You know the constellation of Orion by its three bright stars in a row? Well, there would be a lot more to observe if our eyes were better at gathering the faint light of the night sky. With the unaided eye you can mainly see the three massive stars that make up the belt of Orion (on the left) as well as the Orion Nebula (upper right) and, to its left, the Running Man nebula, a bluish reflection nebula. But there is much more to see in this region of the sky:
- the Flame Nebula (below Alnitak, the lowest star of the belt): a red emission nebula with dark filaments of dust.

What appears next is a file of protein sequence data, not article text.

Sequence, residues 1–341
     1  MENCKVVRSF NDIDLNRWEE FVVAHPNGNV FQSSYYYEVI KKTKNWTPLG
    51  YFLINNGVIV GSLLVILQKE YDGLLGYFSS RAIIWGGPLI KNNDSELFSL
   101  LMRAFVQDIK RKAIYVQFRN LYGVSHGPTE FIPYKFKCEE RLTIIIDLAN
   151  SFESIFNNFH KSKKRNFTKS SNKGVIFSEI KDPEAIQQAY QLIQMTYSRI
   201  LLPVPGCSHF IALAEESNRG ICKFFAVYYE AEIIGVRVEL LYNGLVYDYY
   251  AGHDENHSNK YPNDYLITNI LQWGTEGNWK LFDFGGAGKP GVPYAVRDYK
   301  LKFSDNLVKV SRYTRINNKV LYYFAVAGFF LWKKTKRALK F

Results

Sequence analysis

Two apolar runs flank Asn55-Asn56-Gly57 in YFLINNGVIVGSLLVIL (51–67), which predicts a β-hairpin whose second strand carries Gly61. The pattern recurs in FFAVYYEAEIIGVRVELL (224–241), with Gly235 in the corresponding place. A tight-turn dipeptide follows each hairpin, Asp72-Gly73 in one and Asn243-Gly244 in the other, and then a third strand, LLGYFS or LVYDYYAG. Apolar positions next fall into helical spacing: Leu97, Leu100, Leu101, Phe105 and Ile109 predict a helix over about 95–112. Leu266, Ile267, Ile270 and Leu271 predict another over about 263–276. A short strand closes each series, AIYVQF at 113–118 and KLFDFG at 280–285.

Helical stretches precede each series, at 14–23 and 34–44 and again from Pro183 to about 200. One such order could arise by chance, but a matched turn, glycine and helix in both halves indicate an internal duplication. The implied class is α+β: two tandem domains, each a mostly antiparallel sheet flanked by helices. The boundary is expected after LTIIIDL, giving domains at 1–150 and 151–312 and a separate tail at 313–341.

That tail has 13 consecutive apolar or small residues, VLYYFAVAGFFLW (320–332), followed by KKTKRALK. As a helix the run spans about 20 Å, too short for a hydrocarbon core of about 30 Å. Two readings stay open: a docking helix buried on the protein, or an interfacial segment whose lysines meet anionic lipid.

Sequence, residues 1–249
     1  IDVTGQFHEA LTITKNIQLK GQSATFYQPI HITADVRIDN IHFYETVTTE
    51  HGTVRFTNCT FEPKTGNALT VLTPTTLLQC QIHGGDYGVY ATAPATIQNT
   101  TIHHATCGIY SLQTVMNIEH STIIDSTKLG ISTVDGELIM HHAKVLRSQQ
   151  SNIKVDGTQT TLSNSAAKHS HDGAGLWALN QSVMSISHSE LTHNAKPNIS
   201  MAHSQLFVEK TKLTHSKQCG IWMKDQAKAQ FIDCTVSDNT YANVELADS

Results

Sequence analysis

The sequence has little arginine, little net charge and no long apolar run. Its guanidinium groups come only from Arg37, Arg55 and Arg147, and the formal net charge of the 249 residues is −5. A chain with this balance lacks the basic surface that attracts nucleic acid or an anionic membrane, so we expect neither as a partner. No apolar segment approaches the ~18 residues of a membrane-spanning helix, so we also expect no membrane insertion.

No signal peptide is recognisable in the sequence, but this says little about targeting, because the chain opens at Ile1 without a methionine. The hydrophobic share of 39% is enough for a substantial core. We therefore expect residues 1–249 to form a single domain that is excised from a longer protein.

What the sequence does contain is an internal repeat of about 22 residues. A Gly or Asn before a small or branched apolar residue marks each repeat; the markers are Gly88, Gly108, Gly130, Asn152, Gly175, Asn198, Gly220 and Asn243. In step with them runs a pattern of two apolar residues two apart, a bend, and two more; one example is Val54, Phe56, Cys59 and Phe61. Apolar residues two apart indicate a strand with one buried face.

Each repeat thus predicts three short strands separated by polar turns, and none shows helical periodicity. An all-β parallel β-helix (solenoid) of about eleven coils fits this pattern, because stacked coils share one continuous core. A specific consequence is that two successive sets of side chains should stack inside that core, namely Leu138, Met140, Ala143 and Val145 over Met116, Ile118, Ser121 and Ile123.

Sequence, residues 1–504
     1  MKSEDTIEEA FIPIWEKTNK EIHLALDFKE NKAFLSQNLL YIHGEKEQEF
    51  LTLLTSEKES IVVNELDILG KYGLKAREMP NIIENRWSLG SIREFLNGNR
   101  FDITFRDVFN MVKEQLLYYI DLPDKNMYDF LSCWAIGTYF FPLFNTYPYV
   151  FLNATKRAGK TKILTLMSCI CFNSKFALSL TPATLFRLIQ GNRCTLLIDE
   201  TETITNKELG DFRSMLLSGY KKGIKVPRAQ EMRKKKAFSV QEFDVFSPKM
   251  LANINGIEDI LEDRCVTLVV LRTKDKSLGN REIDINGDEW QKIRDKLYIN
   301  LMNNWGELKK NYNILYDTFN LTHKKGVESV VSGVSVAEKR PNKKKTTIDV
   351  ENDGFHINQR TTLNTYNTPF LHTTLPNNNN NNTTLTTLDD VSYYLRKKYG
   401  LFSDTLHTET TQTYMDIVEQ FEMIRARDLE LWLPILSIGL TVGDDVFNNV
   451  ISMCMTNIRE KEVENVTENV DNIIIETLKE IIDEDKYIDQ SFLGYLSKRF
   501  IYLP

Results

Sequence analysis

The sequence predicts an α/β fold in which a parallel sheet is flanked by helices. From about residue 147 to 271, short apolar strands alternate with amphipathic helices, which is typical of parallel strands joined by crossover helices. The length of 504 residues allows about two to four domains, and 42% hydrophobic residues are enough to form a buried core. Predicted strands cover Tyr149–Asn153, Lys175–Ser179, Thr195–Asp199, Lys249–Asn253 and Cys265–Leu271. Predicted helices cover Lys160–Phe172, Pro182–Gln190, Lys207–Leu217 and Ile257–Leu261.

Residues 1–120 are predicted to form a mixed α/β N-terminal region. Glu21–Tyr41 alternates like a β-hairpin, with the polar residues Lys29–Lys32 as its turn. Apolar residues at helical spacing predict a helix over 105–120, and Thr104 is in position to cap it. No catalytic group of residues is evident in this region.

- the Horsehead Nebula (to the right of Alnitak): an accumulation of dense dust with many stars that are currently being born inside the horsehead, they can be revealed by observing in infrared light.
- M78: a gorgeous reflection nebula (to the lower left corner of the image).
- a lot of gas and dust covering an area of about 4 x 8 degrees in the sky (for comparison: a full moon has a diameter of 0.5°).
This huge area is about 1500 to 1600 light years away and hundreds of light years across. It's the nearest star-forming region to us in the entire universe. In the full resolution image you can see many details.